A bomb was detonated on board a train pulling out of Maelbeek station, close to the European institutions, in the morning rush hour on March 22. The attack followed suicide bombs at Brussels airport which also killed 16 people.

"We will overcome this too. You get emotional when you come here. You feel it inside. Our government will overcome terrorism," Paul Nemitz, Director, Fundamental Rights and Union Citizeship, European Comission, said at the station.

He said his office was just 300 metres from the station.

"We will overcome this (terrorism). Life goes on. There is a little fear. We are worried over security but the reopening of the metro station just over a month after the attacks is a symbol of the people's resilience," Tem, a daily metro commuter, told media at the Maelbeek metro station.

Brussels Metro spokeswoman An Van Hamme was quoted by the media as saying that there was no structural damage but "there were a few works that had to be done".

Families of the victims were allowed special access to the station on Saturday to mourn the victims, before the official reopening to commuters.

Commuters can also leave messages on a tribute wall in the main station entrance. A commemorative art work will eventually replace the tribute wall.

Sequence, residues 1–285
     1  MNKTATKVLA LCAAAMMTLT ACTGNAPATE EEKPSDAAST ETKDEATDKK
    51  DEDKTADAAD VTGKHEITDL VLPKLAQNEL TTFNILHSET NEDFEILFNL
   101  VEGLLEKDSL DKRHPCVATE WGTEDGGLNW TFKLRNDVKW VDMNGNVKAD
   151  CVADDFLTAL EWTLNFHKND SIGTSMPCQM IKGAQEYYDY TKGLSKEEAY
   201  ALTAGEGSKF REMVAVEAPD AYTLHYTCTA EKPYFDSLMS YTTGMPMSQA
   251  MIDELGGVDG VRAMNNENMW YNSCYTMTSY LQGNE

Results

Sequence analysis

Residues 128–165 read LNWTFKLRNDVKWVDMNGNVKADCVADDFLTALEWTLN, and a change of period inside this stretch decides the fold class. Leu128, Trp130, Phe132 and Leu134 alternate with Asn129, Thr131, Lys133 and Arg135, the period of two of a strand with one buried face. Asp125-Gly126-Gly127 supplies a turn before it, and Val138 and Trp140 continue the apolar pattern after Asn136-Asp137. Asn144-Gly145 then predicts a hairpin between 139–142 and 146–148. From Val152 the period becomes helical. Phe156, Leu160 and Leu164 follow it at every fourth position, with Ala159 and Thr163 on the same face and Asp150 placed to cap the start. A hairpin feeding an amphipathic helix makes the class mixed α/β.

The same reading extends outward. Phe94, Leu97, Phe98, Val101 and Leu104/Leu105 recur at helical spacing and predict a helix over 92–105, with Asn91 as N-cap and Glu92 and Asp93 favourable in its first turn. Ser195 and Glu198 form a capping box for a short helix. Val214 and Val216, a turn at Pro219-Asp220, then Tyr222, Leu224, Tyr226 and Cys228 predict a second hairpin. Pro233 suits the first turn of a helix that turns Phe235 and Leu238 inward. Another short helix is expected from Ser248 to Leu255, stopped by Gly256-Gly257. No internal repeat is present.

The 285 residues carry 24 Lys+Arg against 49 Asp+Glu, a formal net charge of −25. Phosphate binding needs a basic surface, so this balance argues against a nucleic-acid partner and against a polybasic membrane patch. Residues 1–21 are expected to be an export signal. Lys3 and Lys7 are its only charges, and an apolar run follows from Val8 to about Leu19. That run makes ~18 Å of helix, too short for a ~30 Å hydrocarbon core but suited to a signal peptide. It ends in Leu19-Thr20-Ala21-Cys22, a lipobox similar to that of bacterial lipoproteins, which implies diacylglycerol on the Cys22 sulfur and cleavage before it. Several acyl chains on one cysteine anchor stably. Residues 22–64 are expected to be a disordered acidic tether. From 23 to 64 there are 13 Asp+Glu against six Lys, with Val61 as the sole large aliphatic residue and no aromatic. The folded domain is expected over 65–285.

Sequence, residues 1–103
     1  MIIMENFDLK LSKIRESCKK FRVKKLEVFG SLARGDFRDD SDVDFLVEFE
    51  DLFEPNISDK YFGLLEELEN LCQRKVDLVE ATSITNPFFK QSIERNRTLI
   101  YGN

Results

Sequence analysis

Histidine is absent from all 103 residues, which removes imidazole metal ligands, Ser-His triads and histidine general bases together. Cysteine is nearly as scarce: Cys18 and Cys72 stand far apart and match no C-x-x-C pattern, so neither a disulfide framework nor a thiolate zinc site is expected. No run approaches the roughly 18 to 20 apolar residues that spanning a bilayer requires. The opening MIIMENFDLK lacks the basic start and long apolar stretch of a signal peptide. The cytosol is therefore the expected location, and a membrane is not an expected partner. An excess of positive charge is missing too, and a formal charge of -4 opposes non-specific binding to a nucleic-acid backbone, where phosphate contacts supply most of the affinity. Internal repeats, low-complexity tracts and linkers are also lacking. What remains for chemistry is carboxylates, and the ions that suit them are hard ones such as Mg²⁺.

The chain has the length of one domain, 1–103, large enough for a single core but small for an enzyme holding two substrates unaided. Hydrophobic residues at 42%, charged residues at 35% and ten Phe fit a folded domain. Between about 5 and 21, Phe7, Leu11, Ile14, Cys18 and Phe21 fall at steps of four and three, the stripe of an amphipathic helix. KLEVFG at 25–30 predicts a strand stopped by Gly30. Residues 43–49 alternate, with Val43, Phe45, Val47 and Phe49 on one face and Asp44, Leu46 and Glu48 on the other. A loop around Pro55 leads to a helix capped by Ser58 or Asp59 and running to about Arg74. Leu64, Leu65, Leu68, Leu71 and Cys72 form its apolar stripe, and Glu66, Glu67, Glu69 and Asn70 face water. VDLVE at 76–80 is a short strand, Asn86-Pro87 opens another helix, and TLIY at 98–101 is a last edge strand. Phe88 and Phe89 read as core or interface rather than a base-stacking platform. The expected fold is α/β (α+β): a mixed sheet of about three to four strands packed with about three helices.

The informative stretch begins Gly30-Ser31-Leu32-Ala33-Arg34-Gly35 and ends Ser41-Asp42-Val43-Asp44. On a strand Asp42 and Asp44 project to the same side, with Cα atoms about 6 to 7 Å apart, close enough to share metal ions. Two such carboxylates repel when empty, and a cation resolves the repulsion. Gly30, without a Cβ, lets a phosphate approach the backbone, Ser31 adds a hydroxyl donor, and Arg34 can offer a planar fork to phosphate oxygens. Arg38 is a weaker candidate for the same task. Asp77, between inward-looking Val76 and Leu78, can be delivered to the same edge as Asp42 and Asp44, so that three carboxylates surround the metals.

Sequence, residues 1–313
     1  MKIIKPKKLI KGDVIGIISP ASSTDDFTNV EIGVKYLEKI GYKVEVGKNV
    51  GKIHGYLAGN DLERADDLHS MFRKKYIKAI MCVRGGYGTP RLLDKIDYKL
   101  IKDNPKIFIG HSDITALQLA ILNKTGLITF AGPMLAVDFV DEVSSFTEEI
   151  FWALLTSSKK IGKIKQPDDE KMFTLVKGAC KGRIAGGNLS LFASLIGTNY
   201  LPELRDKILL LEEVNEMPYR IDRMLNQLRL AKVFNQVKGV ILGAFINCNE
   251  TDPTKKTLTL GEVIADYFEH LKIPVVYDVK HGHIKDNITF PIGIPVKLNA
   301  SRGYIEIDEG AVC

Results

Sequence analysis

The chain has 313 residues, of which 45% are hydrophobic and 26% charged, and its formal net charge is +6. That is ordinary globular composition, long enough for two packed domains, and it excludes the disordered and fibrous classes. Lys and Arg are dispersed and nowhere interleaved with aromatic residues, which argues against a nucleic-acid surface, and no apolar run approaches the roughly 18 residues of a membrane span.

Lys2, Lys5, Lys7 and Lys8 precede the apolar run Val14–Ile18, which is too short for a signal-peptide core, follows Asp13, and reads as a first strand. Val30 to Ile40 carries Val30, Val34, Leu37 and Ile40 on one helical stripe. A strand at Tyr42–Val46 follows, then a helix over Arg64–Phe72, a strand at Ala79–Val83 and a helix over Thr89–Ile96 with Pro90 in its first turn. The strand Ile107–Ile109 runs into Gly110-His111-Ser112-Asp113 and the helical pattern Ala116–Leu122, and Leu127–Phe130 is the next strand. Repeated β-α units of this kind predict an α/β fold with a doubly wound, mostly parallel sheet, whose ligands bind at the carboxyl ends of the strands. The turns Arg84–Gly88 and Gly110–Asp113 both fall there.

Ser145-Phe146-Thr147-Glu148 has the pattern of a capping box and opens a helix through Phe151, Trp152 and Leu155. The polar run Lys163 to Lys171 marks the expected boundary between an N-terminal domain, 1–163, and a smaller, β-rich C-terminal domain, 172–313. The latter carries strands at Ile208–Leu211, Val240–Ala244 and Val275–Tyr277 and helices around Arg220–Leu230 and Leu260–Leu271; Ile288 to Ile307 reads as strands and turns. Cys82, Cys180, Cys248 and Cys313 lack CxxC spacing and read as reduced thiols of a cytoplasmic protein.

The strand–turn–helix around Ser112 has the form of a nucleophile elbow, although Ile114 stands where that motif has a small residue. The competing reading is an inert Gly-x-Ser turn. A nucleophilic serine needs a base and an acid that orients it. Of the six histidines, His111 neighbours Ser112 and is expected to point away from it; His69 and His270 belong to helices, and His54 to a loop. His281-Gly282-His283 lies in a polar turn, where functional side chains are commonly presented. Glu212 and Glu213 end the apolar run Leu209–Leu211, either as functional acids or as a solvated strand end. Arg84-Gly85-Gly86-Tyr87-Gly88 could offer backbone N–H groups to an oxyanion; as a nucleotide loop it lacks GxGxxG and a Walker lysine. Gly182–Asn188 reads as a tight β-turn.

The Brussels public transport authority (Stib) said that military and police officers would be present to "ensure the security of the entire network".

Security remains high across the underground network, which was hit during the March 22 peak morning travel period.

The blast came after suicide bombers had earlier struck Brussels' Zaventem airport departure lounge in the attacks claimed by Islamic State.

28-year-old Indian techie Raghavendran Ganeshan, who went missing after the terror strikes, died in the attack on the metro station. An Infosys employee from Bengaluru, Ganeshan was in a metro train when the metro station was rocked by the explosion.

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